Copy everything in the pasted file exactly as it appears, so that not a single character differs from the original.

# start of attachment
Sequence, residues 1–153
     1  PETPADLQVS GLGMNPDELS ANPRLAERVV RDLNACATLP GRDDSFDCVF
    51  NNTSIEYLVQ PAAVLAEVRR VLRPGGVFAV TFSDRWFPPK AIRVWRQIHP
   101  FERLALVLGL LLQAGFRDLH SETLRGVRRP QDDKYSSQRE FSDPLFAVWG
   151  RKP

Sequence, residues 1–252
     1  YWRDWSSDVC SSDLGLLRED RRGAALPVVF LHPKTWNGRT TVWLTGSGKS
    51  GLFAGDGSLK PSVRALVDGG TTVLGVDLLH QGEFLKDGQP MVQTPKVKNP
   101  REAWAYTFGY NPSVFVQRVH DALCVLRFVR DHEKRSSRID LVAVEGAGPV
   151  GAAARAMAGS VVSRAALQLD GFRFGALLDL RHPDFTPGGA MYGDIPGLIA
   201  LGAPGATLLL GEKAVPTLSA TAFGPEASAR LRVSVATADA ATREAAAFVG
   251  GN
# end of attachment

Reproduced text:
Sequence, residues 1–153
     1  PETPADLQVS GLGMNPDELS ANPRLAERVV RDLNACATLP GRDDSFDCVF
    51  NNTSIEYLVQ PAAVLAEVRR VLRPGGVFAV TFSDRWFPPK AIRVWRQIHP
   101  FERLALVLGL LLQAGFRDLH SETLRGVRRP QDDKYSSQRE FSDPLFAVWG
   151  RKP

Sequence, residues 1–252
     1  YWRDWSSDVC SSDLGLLRED RRGAALPVVF LHPKTWNGRT TVWLTGSGKS
    51  GLFAGDGSLK PSVRALVDGG TTVLGVDLLH QGEFLKDGQP MVQTPKVKNP
   101  REAWAYTFGY NPSVFVQRVH DALCVLRFVR DHEKRSSRID LVAVEGAGPV
   151  GAAARAMAGS VVSRAALQLD GFRFGALLDL RHPDFTPGGA MYGDIPGLIA
   201  LGAPGATLLL GEKAVPTLSA TAFGPEASAR LRVSVATADA ATREAAAFVG
   251  GN